Some of the most difficult times I experienced as a nurse involved patients in pain. This was before the days of patient-controlled analgesia, when patients in acute pain were mostly managed with “Demerol IM q4h.”
I recall many incidents of paging and telephoning and beeping physicians and residents to get orders for pain medications and trying whatever non-pharma methods I could think of to allay pain. It was awful to see patients suffer needlessly.
Progress, But with a Cost
Then pain became a key part of assessment, as well as of patient satisfaction scoring, and clinicians heeded the need for managing pain. However, there has been too much reliance on the quick fix of strong opioids. A friend who recently had surgery was asked by a nurse to rate his pain. When he replied “eight,” she asked him if he wanted one or two oxycodone pills. His reply, “Well, what do people usually take?”
Revising the Approach to Pain Management
Thankfully, pain management is being revisited, and along with a renewed focus on not prescribing by the numbers (a patient’s pain rating should only be one factor in deciding the intervention), there is a greater understanding of pain and how it can become chronic, and there are more modalities at our disposal to manage it.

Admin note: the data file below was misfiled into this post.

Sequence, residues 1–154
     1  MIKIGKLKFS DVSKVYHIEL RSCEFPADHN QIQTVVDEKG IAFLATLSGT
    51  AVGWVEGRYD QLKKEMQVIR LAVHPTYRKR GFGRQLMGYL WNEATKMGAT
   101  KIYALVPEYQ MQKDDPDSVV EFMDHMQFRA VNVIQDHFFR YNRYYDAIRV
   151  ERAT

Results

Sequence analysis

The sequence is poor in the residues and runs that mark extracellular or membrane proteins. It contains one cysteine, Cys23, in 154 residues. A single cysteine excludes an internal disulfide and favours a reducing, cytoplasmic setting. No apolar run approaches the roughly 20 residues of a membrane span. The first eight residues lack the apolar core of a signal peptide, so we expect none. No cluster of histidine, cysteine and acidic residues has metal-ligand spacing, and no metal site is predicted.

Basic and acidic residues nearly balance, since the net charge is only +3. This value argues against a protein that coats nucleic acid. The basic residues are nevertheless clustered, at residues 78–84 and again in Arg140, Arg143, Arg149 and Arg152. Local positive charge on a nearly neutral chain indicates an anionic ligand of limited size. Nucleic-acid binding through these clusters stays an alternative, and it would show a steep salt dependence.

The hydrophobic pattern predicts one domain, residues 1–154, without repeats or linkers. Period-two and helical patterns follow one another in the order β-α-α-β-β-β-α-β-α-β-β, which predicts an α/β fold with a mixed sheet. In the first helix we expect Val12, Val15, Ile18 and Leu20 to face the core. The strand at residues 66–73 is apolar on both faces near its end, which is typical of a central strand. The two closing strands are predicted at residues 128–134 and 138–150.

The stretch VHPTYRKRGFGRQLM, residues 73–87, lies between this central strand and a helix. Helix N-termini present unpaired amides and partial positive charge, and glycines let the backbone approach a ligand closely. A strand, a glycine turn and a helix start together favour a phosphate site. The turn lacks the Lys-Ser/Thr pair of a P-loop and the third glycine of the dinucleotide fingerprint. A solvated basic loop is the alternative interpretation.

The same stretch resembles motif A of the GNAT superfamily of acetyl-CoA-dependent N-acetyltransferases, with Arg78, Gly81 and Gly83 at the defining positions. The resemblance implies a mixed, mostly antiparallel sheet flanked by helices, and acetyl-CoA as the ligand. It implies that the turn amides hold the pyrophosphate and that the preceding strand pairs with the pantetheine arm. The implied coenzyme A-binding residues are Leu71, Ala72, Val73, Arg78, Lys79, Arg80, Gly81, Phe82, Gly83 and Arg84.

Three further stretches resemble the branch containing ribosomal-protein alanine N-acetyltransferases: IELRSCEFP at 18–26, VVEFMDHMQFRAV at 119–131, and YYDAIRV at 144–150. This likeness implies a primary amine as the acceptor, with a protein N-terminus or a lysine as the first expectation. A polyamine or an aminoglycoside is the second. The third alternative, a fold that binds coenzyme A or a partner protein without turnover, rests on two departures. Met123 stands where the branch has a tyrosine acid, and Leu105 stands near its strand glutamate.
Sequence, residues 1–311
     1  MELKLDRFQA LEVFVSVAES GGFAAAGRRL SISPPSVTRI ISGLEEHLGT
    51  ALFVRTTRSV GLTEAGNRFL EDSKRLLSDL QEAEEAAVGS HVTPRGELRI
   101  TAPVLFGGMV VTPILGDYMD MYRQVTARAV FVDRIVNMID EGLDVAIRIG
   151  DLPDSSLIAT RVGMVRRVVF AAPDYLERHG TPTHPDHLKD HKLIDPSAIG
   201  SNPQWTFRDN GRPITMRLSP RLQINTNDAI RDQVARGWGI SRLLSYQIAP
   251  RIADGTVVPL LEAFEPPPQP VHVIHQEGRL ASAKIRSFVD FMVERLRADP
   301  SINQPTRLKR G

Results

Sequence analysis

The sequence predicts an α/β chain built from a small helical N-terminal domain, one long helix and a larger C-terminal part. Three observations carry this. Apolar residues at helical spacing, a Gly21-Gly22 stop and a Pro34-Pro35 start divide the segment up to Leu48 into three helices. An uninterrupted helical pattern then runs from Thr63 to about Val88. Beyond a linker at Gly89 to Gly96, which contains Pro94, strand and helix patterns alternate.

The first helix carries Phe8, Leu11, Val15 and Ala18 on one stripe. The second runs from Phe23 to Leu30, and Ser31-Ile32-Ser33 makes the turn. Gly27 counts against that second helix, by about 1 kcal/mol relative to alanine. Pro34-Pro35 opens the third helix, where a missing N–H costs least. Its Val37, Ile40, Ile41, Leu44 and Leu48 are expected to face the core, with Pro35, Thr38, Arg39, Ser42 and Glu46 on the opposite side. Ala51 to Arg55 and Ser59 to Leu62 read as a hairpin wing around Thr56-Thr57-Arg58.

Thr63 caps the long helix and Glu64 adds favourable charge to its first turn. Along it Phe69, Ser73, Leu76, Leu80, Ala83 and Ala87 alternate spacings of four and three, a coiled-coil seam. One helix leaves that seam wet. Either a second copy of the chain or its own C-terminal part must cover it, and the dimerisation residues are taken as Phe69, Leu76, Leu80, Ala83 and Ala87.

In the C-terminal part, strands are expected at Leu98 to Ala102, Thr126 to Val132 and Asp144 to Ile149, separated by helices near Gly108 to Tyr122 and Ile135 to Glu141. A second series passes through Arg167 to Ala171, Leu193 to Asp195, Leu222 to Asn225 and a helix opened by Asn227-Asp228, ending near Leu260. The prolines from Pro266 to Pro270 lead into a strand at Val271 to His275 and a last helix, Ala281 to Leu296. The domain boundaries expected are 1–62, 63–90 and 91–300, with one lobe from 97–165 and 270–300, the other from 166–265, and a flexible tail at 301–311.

To prevent acute pain from transforming into chronic pain, it needs to be managed effectively from the beginning—and that means having a plan that targets complex pain mechanisms.
Last month, we published a peer-reviewed supplement, “Multimodal Analgesia for Acute Pain: An Evidence-Based Approach.” The guest editors of this special report, Rosemary C. Polomano, PhD, RN, FAAN, and Carla R. Jungquist, PhD, RN, ANP-BC, FAAN, provide a comprehensive update on pain, including a review of pain physiology and mechanisms, multimodal interventions, and recommendations based on guidelines and expert consensus reports. Supported by an unrestricted educational grant from Mallinckrodt Pharmaceuticals, it’s available without charge.